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Internet Census: 4 Billion Addresses Just Not Enough for 7 Billion People

As Internet authorities prepare to announce that they have handed over all of the available addresses, a USC research group that monitors address usage has completed the latest in its series of Internet censuses.

There is some good news, according to computer scientist John Heideman, who heads a team at the USC Viterbi School of Engineering Information Sciences Institute that has just released its results in the form of a detailed outline including a 10-minute video and an interactive web browser that allows users to explore the nooks and crannies of Internet space themselves.

IPv4 space is nearing full allocation. Yellow boxes indicate unallocated blocks, while green areas show responses to census and high utilization. (Source: USC Viterbi School of Engineering Information Sciences Institute)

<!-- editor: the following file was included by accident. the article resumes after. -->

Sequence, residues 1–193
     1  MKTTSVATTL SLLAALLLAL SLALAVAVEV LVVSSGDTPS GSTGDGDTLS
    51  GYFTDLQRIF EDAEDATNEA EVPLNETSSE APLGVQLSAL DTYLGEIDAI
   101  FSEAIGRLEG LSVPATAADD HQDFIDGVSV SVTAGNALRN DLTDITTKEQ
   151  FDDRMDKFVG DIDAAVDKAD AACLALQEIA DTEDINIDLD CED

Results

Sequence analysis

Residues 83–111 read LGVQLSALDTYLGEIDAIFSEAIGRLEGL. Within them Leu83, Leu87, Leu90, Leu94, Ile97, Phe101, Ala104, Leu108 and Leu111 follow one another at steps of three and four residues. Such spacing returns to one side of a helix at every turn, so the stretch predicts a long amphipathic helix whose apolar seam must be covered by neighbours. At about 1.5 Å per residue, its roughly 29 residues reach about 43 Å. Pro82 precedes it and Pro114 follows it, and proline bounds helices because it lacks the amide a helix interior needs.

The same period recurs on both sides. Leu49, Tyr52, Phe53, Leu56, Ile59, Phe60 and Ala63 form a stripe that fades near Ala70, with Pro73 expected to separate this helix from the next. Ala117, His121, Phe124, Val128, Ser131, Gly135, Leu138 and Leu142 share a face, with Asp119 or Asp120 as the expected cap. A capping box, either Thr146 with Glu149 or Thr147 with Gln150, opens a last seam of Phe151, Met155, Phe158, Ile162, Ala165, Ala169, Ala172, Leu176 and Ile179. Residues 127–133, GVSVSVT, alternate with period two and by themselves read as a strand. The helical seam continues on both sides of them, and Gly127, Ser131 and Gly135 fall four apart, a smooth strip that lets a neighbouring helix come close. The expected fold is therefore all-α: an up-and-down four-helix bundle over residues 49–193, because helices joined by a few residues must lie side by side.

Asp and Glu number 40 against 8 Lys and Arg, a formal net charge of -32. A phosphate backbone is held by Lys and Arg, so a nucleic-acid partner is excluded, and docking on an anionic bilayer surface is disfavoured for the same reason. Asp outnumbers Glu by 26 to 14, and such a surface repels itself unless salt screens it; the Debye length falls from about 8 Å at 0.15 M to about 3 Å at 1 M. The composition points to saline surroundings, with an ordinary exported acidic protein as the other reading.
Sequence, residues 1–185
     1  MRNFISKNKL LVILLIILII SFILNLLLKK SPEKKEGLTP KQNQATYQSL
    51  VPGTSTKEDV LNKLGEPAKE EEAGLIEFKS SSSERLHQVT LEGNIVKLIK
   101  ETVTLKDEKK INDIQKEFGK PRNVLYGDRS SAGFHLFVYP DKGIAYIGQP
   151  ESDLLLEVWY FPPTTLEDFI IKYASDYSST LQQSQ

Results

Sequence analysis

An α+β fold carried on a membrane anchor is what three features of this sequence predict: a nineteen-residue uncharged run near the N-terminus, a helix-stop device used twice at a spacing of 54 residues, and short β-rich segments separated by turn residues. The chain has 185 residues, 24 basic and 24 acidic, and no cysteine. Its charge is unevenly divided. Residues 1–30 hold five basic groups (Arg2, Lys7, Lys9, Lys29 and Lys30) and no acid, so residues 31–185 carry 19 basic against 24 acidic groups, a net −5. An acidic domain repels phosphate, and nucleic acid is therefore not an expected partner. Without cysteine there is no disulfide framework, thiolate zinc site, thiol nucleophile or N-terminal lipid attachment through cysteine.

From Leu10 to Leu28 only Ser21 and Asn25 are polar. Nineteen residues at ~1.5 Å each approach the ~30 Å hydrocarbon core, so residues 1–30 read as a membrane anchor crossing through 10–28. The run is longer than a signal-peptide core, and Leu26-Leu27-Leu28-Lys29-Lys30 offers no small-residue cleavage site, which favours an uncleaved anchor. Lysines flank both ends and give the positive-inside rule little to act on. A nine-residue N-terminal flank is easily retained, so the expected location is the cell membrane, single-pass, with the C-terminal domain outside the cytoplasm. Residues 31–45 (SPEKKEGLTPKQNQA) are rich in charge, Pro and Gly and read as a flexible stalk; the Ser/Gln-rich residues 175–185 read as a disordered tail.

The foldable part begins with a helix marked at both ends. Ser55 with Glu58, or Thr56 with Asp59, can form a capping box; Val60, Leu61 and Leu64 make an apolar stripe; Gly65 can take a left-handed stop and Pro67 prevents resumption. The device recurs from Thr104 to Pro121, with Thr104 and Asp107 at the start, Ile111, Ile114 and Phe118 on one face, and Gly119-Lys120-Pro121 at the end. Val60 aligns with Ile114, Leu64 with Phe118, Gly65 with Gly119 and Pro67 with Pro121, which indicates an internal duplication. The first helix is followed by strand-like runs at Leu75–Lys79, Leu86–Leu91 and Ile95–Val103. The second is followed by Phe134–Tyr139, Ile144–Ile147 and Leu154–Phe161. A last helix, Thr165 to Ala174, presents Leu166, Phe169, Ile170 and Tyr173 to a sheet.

By CircleID Reporter

CircleID’s internal staff reporting on news tips and developing stories. Do you have information the professional Internet community should be aware of? Contact us.

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Comments

It's not about people Bob Frankston  –  Feb 1, 2011 8:26 PM

We should think about an address per chip not an address per person. 4 billion was never enough for deployment and I complained when I first heard about the 32 bit address.

Moving to IPv6 is necessary but doesn’t address (NPI) the larger issues of connectivity (V6 Plan B).

Not all addresses need to be global Richard Bennett  –  Feb 2, 2011 3:19 AM

We seem to be able to address all the buildings in the world with street addresses of 5 digits or less. It seems the Internet architects failed to understand how addressing relates to naming.

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